Now, to Find that Angle


I dragged the finished teak campaign chest out of the shop this afternoon to get it out of harm’s way down there. Some heavy stuff is about to go down.

I am fairly pleased with the color of the finish and the surface quality of the chest. I went for an old-school texture. You can feel the scallops left by the smoothing plane on the exterior.

But aside from my mild non-displeasure with the piece, the most important comment about the piece was uttered today by my wife.

Lucy looked it over and said: “We get keep this one?”


“For real this time?”


That’s the highest compliment from a woman who has seen a lot of furniture go out the door this year.

The only disappointment? My photography. I snapped the quick photo above, which is plagued by parallax and a thousand other words. Perhaps I’ll find the right angle when I shoot some photos of it for my upcoming book on campaign furniture.

On that matter, I finished writing the two chapters on these chests. But I have to set the manuscript aside (briefly) to build another workbench. No, not the massive one from the Barnesville, Ga., French oak project. A different one.

More details tomorrow.

— Christopher Schwarz

About Lost Art Press

Publisher of woodworking books and videos specializing in hand tool techniques.
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17 Responses to Now, to Find that Angle

  1. Chris,
    That came out freakin’ awesome!
    I believe my next wad of cash will go towards a campaign chest.
    I only wish I knew about the giant board of teak it was made from before you.
    Finders, keepers when it comes to a board of a lifetime.
    I’ve got my eye on some ribbon sapele boards at our favorite place that will be on my next campaign.
    Congrats and can’t wait for the book.

    • lostartpress says:

      Here’s the funny thing: The wide-a$$ teak board was TOO wide for this chest.

      So I used a smaller one from Midwest. Still, it was awesome wood.

      The wide teak board is going to become a desktop for the campaign furniture book.

  2. paul6000000 says:

    Looks fantastic!

  3. calebjamesplanemaker says:

    First of the campaign pieces that caught my eye. Will consider this style some more. Nice work, whatever your fancy is.

  4. gburbank says:

    Benchaholics, unite! you’ve piqued my curiosity, though. Venturing away from roubo this time, perhaps?
    Incidentally, when you’re in connecticut next weekend, venture down to New Haven for the best pizza on the planet. No, I won’t tell you whether Sally’s, Pepe’s, or Modern Apizza is best. People have been known to brawl over that issue thereabouts. My personal fave is Naples, in the heart of Yale University, for their outstanding collection of hand carved tables. Bring your pocket knife. Oh, and Yale Art Museum has one of the best furniture collections around. Just sayin’.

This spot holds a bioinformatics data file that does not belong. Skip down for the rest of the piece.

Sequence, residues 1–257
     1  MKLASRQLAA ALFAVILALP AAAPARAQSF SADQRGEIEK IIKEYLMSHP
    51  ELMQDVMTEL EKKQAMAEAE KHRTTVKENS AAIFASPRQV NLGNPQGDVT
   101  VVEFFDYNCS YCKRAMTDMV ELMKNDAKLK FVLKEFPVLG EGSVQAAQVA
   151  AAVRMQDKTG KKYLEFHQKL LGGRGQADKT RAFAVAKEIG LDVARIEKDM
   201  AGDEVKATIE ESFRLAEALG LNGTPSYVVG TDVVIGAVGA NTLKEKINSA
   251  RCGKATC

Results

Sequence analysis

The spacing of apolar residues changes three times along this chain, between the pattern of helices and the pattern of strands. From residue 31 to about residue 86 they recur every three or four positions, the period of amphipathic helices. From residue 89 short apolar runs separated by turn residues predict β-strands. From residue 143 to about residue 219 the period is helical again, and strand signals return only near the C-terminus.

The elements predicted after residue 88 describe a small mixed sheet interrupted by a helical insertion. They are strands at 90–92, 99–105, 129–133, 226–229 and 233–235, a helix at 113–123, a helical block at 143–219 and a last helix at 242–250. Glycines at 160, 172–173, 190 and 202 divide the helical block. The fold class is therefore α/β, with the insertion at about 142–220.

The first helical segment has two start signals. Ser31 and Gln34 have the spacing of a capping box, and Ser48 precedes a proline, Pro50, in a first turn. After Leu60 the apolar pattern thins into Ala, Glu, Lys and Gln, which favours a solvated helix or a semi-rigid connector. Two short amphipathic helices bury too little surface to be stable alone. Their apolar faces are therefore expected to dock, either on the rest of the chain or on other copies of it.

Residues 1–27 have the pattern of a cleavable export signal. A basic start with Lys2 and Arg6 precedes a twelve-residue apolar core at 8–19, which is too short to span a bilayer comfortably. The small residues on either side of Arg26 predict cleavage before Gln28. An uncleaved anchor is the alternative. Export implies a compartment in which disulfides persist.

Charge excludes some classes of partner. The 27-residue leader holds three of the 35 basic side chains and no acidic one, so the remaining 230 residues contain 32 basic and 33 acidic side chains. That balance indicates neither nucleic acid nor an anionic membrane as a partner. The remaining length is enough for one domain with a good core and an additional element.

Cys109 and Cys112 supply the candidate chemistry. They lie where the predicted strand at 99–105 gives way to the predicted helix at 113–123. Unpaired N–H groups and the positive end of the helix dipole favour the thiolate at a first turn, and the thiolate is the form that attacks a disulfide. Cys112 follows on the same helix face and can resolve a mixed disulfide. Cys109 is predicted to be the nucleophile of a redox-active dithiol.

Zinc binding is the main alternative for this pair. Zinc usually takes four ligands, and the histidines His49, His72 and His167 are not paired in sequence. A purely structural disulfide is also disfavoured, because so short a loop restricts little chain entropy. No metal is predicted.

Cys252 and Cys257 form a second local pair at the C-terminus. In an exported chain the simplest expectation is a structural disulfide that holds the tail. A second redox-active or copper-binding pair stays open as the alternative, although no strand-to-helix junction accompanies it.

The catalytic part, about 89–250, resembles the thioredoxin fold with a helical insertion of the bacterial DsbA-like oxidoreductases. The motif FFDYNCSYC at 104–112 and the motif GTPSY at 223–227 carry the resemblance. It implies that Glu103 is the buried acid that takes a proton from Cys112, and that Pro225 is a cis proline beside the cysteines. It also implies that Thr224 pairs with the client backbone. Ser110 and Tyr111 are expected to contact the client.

5. I am a fan of this chest. In fact, I have to build a new chest/dresser for my baby boy, who will arrive in January. Question: Is it possible to make one of these at a good height to double as a changing table? This one looks as though it may be a teensy bit too tall for a changing table. I am worried about changing the height and making it look strange.

    I think it would be a great chest for him to have growing up! Masculine, portable, perfect!!

    • Tim Henriksen says:

      1) CONGRATS halfblind!!!!
      2) I love this chest too! As said, masculine, somehow modern (?) yet simple in design. Bullseye for me.
      3) I still get giddy when you talk about benches. Looking forward to the next post!

    • lostartpress says:


      Congrats! Sir!

      This chest is 40″ tall. It is a bit high for a changing table, but I think you could build one for the forthcoming arrival and use something else for the short time where they poop their pants.

    • tsstahl says:

      Go for it! Run without the bun feet for the first year.

    • SeanT says:

      Congrats Halfblind! FWIW, our current changing table is about 37″ high, so a chest without the feet might be just the ticket as tsstahl suggested.

  6. Bo Childs says:

    Awesome Chris, Beautiful- AND- it is finished!!!!!!! Bo

  7. samcappo says:


    I have read that teak is difficult to glue. A while back I used some yellow glue and it appears to be fine…then the reading started.

    Recently I used “Oak and Teak Epoxy.” It seems fine as well… I thinking / reading too much about gluing teak?

    What type of glue did you use?


    • lostartpress says:

      I used liquid hide for carcase construction and epoxy for repairs.

      The problem with teak is the oil. The water in a water-based adhesive cannot soak into the pores because of the oil.

      There are several strategies for dealing with it:

      1. Wipe the surfaces with lacquer thinner before applying the glue. This is what I did.
      2. Use epoxy.
      3. Use poly glue (teak is why Gorilla Glue was developed).

      Some pieces of teak aren’t as oily as others. So sometimes you get lucky.

  8. SeanT says:

    Hubba, hubba! Love the final finish!

  9. abouna2 says:

    Personally I love parallax. It’s great on toast. It’s also good when the turbo version doesn’t work.

  10. MattC says:

    This reminds of the “Find the Hidden Object” pictures in Highlights magazine. Lets See.
    1. Yellow Bull
    2. Frog
    3. Hammer
    4. Millers Falls hand drill
    5. Barrett and Sons plow plane

  11. Clay Dowling says:

    You may be able to find a photographer in your area with a large format camera. They’re great for killing paralax problems. The trick, of course, is that photographers with large format cameras are almost uniformly professionals who need to be paid for their time. But if you start making calls to commercial photographers in your area, you may find some.

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